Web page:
Putin seeks quick end to gas row

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European energy firms are today working on a plan to break the deadlock between Russia and Ukraine and restore gas supplies to Europe in mid-winter.

Paolo Scaroni, chief executive of Italian energy giant Eni SpA said late last night a consortium would provide gas necessary for technical reasons to get pipelines and pumping stations working again.

The move could allow gas supplies to Europe to get under way immediately, leaving the question of reimbursement for the consortium's gas on hold until an agreement between Ukraine and Russia on their price dispute is reached.

Scaroni said the consortium would include E.ON, Gaz de France Suez and an Austrian company.

Meanwhile, earlier today Russian Prime Minister Vladimir Putin said he believed a deal was possible "reasonably fast" on a consortium of European gas firms which could provide gas to Ukraine and get pipelines to Europe working again.

"We propose to share risks and create something like a consortium, invest money in it and supply the technical gas. I think this can be done reasonably fast," Putin said at the start of a meeting with European gas firms in Berlin.

Eni is Europe's leading gas operator and largest user of the Ukraine pipeline. Scaroni, who said the involvement of the firms would begin on Friday, discussed the consortium idea with Russian Prime Minister Vladimir Putin yesterday.

Scaroni flies on Friday to Germany where Putin was to hold talks with Chancellor Angela Merkel, who says Russia is at risk of hurting its reputation as a reliable energy supplier.

An official of Russia's Gazprom, who gave details of Scaroni's trip, said the European consortium would deal with organisational issues on Friday and was not likely at once to buy the gas needed for pumping to start.

Scaroni would meet Russian and German officials, the official said, but a Berlin government spokesman said ENI would not be present at the talks between Merkel and Putin.

Putin and Ukrainian Prime Minister Yulia Tymoshenko plan to meet in Moscow on Saturday to try to resolve the gas row, which has cut supplies to 18 states in the depths of winter, forcing many factories to close and leaving householders shivering.

There was little enthusiasm in Brussels for a separate Moscow meeting with importers proposed by Russian President Dmitry Medvedev. But the EU executive said it and the Czechs -- current holders of the EU presidency -- would attend if Russian and Ukrainian leaders were there too.

Senior east European officials will hold talks in Kiev on Friday on the disruption in gas supplies, the office of Ukrainian President Viktor Yushchenko said.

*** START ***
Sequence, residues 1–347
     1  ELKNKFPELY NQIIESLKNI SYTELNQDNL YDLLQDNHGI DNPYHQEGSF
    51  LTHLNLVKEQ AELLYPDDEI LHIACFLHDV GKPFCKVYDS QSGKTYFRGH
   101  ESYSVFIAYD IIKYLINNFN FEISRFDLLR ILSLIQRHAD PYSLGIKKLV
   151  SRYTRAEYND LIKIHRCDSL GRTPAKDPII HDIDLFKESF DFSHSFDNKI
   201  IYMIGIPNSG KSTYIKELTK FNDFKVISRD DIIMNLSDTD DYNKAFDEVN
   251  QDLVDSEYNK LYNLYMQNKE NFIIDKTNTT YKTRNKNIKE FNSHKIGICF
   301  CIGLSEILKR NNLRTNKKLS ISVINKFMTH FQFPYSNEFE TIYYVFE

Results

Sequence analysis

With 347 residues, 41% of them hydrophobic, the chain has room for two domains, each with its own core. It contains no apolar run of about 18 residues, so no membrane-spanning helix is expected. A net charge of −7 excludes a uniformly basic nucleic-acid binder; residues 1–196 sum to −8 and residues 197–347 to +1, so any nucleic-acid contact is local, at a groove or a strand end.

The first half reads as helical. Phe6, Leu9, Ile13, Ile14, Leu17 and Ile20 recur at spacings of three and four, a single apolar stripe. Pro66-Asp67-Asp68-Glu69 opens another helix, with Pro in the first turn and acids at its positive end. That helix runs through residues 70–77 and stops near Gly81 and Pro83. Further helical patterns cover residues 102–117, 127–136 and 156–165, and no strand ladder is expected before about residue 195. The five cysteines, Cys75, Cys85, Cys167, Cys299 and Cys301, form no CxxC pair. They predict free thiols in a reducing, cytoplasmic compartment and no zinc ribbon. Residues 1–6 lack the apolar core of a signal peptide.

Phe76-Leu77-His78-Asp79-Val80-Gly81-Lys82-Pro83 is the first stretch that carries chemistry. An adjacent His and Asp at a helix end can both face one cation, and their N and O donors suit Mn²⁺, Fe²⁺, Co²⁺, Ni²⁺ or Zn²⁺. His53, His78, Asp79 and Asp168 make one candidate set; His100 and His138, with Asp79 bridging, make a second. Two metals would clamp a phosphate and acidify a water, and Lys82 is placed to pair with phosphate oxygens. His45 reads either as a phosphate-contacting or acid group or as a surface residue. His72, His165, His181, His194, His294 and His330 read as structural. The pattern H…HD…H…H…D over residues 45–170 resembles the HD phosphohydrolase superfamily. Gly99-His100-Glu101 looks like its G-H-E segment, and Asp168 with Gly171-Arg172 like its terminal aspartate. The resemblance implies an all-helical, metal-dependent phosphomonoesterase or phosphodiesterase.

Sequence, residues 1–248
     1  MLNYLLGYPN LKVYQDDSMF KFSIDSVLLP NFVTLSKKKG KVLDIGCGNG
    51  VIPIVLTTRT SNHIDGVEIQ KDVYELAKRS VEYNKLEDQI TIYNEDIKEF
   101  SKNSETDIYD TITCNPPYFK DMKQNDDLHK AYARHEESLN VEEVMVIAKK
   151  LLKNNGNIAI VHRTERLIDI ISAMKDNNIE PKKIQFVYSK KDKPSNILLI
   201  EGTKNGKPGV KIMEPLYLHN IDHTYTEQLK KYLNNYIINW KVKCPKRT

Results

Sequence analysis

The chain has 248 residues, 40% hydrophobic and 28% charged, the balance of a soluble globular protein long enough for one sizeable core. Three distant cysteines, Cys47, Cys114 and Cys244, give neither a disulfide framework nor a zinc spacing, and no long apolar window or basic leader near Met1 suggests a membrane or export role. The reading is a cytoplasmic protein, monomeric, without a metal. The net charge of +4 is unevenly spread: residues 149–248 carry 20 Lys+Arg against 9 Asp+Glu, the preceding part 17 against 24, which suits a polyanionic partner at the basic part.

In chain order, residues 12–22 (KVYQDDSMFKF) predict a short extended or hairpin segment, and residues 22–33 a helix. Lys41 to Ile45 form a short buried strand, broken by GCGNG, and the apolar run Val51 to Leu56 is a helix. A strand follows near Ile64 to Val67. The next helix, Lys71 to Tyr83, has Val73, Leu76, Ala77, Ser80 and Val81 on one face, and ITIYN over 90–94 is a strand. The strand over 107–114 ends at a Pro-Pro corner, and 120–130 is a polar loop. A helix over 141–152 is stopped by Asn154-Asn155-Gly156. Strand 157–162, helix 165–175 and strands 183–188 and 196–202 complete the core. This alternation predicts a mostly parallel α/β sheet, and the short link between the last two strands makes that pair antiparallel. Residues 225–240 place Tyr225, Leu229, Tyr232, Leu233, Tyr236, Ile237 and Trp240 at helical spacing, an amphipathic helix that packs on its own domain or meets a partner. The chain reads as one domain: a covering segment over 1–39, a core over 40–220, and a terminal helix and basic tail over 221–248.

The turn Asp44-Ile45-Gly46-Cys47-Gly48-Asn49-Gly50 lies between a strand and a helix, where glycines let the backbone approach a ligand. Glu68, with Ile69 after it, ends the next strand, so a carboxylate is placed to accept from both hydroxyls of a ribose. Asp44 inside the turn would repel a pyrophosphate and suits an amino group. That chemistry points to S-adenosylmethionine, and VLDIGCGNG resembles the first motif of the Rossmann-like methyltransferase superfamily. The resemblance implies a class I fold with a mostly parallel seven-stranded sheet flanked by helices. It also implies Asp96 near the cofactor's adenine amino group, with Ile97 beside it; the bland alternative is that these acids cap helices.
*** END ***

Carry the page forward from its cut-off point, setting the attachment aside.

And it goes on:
Frustration is growing in the EU at the failure of Russia and its former Soviet vassal Ukraine to resolve the row over how much Kiev should pay Moscow for gas, or at least allow gas to flow to Europe while they argue it out.

"It is clear today, even if they turn on the taps tonight and gas starts to flow, there has been irreparable, irreversible damage done, a loss of confidence in both Russia and Ukraine," said Martin Riman, Czech industry and trade minister.

An EU-brokered deal was supposed to get supplies of Russian gas moving to Europe via Ukraine on Tuesday despite the pricing dispute. EU monitors are in place to ensure Ukraine does not siphon off gas, as Moscow has alleged it has done.


Brussels is concerned the meeting proposed by Medvedev in Moscow could be an attempt to divide the bloc, which has so far been relatively united on the issue.

The European Union imports a quarter of its gas from Russia and 80 percent of its supplies go via Ukraine. The crisis has highlighted its vulnerability to disruption and sparked a new debate about diversifying supplies.

Slovakia said on Thursday it would have to reduce supplies even to heating plants and cut off big industrial users unless Russian gas started flowing via Ukraine again by February.

The row takes place against a backdrop of strained political ties between Moscow and Kiev. Russia is angered by the ambition of Ukraine's leaders to join the NATO alliance, and by their support of Tbilisi during the Russian-Georgian war in August.

Ukraine's Yushchenko held talks with Prime Minister Gordon Brown in London on Thursday. Brown stressed the need for an "urgent resolution" of the gas problem, a spokesman said.

Moscow is seeking a sharp rise in the prices Ukraine pays for its own gas supplies. Ukraine is reeling from a severe economic downturn, with output in the key steel sector falling 43 percent in December compared with December 2007.